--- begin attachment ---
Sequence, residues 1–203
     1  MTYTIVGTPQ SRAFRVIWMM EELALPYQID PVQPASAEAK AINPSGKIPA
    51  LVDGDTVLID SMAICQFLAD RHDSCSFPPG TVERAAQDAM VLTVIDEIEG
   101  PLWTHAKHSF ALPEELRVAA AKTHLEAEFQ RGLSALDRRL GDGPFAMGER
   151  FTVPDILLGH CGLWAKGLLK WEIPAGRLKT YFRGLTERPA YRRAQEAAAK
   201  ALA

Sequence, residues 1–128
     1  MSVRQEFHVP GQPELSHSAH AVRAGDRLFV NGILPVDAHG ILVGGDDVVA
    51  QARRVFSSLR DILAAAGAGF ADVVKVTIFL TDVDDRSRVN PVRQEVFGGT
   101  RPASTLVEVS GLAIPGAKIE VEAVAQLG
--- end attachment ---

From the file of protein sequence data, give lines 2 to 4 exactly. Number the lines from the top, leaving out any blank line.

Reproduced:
     1  MTYTIVGTPQ SRAFRVIWMM EELALPYQID PVQPASAEAK AINPSGKIPA
    51  LVDGDTVLID SMAICQFLAD RHDSCSFPPG TVERAAQDAM VLTVIDEIEG
   101  PLWTHAKHSF ALPEELRVAA AKTHLEAEFQ RGLSALDRRL GDGPFAMGER